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No alert for U.S. troops in Korea, Pentagon says

By Mike Mount, CNN Senior Pentagon Producer
South Korean sailors visit altar in Seoul to pay tribute to sailors who died in March 26 sinking of warship Cheonan.
South Korean sailors visit altar in Seoul to pay tribute to sailors who died in March 26 sinking of warship Cheonan.
  • State Dept. spokesman: U.S. has "range of tools available" to respond
  • U.S. in close consultation with South Koreans, officials say
  • U.S. troops "on their normal state of readiness," joint chiefs chairman says
  • Treaty says U.S. must help South Korea in case of war

Washington (CNN) -- U.S. troops based in South Korea have not been put on a heightened state of alert in the wake of that country's announcement that North Korea was behind the sinking of one of its warships in March, the Pentagon said Thursday.

At a Pentagon press briefing, U.S. Defense Secretary Robert Gates said the United States supports the findings of the investigation -- that the ship was sunk by a North Korean torpedo -- but he would not say what the United States is prepared to do, if anything, militarily.

"We are in close consultations with the South Koreans," Gates said. "The attack was against one of their ships and, naturally, they will have the lead in laying out the path forward and we will be consulting with them very closely as we move ahead."

Joint Chiefs of Staff Chairman Adm. Mike Mullen said the status of the 28,500 U.S. troops in South Korea has not changed because of the findings.

"They are on their normal state of readiness. They are engaged very routinely out there," Mullen said.

"We have a considerable number of forces stationed both on the land and sea and the forces are clearly aware of what's going on," he said.

Though Gates and Mullen would not speculate on what the next step would be for South Korea, the United States is bound by treaty to assist that nation if it goes to war.

Video: Clinton: Actions have consequences
Video: S. Korea responds to ship attack report

The U.S. Army is stretched thin in two wars in Iraq and Afghanistan, but Gates said there are other options in the case of armed conflict on the Korean peninsula.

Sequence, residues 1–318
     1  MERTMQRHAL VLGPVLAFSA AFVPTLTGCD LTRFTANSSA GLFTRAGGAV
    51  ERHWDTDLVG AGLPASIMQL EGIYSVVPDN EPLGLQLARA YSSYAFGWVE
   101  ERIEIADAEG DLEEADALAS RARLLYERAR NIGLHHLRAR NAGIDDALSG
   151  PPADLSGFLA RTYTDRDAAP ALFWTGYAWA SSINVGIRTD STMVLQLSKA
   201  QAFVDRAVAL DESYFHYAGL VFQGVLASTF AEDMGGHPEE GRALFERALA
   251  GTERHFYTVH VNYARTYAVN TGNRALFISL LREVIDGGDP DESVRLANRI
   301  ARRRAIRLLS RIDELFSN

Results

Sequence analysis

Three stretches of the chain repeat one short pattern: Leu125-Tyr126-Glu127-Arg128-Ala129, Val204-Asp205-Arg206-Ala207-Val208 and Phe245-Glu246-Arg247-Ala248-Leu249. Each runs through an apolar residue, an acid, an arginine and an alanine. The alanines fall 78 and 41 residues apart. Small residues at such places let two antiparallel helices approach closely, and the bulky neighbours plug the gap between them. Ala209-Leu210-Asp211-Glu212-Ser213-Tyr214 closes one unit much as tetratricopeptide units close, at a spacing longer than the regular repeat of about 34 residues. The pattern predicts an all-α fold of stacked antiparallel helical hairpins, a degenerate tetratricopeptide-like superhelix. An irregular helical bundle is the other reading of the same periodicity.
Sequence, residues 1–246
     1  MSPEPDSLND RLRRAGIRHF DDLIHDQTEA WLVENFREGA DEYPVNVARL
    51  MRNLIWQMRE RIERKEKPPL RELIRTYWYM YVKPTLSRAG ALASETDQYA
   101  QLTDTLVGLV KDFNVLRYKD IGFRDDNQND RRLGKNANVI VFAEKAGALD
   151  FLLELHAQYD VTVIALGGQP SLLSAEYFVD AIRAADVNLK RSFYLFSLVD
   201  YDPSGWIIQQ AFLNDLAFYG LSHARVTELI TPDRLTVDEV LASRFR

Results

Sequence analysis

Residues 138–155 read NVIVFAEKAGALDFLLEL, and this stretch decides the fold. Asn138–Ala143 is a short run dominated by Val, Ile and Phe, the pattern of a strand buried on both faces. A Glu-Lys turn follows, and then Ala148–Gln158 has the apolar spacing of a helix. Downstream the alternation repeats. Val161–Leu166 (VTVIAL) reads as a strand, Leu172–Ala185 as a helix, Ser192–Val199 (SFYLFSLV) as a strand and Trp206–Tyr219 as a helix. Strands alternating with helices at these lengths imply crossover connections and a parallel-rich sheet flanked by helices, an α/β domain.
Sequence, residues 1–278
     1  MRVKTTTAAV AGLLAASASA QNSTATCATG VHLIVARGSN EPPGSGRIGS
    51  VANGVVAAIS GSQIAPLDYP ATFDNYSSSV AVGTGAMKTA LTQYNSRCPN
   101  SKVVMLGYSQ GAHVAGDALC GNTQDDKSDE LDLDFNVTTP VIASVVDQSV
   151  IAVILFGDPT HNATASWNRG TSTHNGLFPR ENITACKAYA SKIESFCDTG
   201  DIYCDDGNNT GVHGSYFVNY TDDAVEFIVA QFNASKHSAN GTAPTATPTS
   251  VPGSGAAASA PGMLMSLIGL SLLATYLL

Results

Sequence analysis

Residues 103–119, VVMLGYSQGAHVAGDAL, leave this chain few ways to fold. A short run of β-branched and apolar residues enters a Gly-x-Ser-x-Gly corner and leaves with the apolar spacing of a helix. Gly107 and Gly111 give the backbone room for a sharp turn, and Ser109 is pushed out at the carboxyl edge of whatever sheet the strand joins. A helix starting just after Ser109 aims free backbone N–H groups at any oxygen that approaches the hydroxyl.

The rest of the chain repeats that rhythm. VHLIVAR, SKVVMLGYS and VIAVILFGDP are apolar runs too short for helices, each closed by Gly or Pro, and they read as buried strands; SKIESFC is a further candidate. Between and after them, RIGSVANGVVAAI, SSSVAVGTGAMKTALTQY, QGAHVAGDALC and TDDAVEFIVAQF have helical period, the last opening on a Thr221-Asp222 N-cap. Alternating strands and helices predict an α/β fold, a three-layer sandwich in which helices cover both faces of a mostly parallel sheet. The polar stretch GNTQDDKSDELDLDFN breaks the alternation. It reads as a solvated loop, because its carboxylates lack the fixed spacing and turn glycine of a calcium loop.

"We have said for a long time that if there were a problem in Korea our main arms would be the Navy and the Air Force, and those are not stretched in the same way that the ground forces are," he said.

Earlier Thursday, White House Press Secretary Robert Gibbs said the United States was "in consultation with a host of different entities, including the [U.N.] Security Council ... and we're working closely with the South Koreans."

"I think there's a lot of things on the table" in terms of possible responses, he added.

Gibbs refused to comment on any specific response.

Meanwhile, the State Department said the United States will send a clear signal to North Korea that the sinking of the warship was in violation of international norms and it must pay a price.

"Provocative actions will not be tolerated and ... there will be consequences for those," Assistant Secretary of State P.J. Crowley told reporters.

"At the same time, we will continue to try to see what can be done ... to continue to work towards a peaceful and stable Korean Peninsula and the broader region," he said.

Crowley said the United States has a "range of tools available" to respond to the incident both unilaterally and collectively with other countries, including unilateral financial sanctions and other measures. However, he said, Washington will be guided by the actions the South Korean government wants to take.

Asked whether the United States would consider putting North Korea back on the State Department's list of state sponsors of terrorism, Crowley said it was unclear whether the ship incident would be considered an act of terrorism to meet the legal threshold for such a designation.

The Bush administration took North Korea off the list in 2008 as part of negotiations on ending Pyongyang's nuclear program.

"This is not something that anyone would do lightly, and there is an evidentiary standard here that has to be applied," Crowley said. "Terrorism normally involves ... acts of violence against innocent civilians. You know, at one level this was a torpedo fired by one military vessel at another military vessel."

Senior State Department officials said that although the department's lawyers would make the final determination, the attack is not likely to be considered a terrorist attack because North and South Korea are technically at war. They pointed to a statement issued by the White House calling the attack an "act of aggression" and "a violation of the Armistice Agreement."

That 1953 agreement inaugurated an uneasy truce between the two Koreas, but no peace treaty has been signed to end the war.

Additionally, the officials suggested that putting North Korea back on the terrorism list could be counterproductive because the United States was not the target of the attack.